Reflection. Mary E. Latela August 1, 2015
Almost daily, our hometown papers and our national news report murder by guns. No death is unimportant, but the heartbreaking story of a young Black journalist is particularly worthy of note. Frustration, anger, and confusion fill the air.
Twenty-seven year old Charnice Milton, a smart journalist, decided to remain in her neighborhood after college, covering the hard streets of D.C., but focusing on the best of what happened there, championing efforts by young and old to make life better, to address inequities, to protect the children, to face the hard steel of racism.
On the night of May 27, Ms. Milton was heading home from an assignment for the Hill Rag when, according to Sarah Stillman of The New Yorker, “she was killed by a bullet aimed at another passerby. Her killing remains unsolved.”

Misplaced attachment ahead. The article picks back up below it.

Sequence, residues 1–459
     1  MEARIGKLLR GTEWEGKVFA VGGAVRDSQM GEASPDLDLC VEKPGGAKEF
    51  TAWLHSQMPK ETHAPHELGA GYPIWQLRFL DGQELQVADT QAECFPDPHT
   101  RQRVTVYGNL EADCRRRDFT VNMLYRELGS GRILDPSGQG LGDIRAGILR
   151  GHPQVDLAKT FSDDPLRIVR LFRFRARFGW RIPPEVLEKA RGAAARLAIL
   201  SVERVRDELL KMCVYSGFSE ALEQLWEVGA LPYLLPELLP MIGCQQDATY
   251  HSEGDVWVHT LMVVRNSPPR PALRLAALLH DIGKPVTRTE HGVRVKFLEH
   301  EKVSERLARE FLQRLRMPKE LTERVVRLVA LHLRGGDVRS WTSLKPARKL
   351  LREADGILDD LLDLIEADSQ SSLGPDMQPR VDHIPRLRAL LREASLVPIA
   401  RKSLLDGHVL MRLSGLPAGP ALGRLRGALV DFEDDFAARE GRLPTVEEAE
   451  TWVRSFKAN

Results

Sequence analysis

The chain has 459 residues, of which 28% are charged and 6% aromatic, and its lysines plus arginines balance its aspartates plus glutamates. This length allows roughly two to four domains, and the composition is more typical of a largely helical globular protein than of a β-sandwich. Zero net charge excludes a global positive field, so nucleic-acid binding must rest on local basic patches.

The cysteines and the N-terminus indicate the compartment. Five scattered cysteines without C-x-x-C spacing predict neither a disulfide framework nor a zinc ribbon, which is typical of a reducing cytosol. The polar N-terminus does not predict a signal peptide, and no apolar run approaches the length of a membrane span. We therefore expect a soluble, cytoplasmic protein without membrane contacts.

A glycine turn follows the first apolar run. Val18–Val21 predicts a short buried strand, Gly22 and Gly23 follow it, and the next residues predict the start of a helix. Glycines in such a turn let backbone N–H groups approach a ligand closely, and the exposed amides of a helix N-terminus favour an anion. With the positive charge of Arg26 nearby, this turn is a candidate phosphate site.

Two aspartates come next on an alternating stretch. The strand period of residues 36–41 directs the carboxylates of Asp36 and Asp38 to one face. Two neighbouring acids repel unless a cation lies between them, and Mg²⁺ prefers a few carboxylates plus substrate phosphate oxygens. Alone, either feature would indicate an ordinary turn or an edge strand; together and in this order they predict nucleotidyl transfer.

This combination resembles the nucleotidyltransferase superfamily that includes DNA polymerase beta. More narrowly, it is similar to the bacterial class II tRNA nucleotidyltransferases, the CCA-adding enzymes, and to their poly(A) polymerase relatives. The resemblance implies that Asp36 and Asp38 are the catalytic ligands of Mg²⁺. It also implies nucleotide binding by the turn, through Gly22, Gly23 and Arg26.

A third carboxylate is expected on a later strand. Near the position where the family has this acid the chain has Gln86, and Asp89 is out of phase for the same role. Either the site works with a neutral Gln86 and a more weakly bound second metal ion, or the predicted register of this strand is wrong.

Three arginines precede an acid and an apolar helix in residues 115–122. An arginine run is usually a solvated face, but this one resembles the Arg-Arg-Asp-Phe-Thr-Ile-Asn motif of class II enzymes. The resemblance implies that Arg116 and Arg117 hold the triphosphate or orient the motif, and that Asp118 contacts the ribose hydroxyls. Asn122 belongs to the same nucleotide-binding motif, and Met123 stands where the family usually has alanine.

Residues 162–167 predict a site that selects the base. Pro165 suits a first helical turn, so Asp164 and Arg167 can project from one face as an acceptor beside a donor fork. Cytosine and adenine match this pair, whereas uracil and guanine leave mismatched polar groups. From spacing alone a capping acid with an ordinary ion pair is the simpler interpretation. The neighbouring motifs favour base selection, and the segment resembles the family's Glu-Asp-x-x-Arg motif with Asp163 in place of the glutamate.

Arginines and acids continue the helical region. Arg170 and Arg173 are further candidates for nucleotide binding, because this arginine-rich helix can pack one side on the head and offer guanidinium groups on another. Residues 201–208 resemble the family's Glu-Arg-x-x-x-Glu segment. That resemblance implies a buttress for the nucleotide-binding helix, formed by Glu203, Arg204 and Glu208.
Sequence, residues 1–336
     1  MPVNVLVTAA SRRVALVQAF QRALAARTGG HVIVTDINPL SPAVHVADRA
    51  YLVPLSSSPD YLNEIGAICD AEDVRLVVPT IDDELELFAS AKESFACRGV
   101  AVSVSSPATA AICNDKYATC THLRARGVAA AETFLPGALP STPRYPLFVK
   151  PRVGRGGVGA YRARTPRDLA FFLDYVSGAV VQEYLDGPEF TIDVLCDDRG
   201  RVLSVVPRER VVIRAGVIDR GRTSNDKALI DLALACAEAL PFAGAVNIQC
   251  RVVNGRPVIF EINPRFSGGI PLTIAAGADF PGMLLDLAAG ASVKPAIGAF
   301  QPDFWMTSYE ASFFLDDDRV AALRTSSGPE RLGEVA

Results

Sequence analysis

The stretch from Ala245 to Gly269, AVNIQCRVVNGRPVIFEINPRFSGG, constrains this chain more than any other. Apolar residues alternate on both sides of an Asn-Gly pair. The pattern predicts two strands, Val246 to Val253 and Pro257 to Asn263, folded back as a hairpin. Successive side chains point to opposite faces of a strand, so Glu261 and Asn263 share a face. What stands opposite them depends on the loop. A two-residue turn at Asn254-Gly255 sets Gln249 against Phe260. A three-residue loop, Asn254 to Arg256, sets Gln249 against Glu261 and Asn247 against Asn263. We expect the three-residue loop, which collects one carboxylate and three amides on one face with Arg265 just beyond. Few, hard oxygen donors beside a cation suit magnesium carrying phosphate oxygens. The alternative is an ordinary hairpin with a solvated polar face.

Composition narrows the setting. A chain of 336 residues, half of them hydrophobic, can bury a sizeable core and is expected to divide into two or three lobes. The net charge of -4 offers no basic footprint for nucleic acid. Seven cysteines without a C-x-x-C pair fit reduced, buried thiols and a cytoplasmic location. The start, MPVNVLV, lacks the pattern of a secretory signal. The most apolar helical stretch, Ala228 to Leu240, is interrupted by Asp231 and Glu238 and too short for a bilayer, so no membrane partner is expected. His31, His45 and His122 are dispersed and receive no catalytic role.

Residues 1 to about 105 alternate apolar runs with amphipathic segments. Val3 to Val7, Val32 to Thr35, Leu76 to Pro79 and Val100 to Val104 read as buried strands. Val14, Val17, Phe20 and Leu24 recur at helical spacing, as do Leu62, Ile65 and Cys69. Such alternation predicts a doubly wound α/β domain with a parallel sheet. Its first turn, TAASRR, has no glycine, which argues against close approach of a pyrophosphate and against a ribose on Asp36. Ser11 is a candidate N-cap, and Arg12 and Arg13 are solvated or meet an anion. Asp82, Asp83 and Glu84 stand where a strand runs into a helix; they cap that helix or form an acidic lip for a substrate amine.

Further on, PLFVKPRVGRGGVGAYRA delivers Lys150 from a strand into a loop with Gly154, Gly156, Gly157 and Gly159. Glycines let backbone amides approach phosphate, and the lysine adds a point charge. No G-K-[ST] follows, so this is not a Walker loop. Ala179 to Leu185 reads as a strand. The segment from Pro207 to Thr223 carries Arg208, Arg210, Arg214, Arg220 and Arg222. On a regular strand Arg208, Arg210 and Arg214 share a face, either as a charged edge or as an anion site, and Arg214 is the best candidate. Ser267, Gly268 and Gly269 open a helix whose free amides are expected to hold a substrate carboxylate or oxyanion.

A bright young woman chose to walk the neighborhood, to engage with the ordinary people, namely, the people who count. She was a quiet determined worker in a social revolution. She engaged with others directly, honestly, maturely. She listened to their stories, and retold them, so we could cheer as well. Ms. Milton did not lose hope.
May she rest in peace. Perhaps just one or two who read about Ms. Milton will be upset enough to take up the challenge of building up a neighborhood by empowering its people, by celebrating the everyday heroes, the moms and dads and grandparents who watch over their children in these hard, cold streets. She has left a candle burning.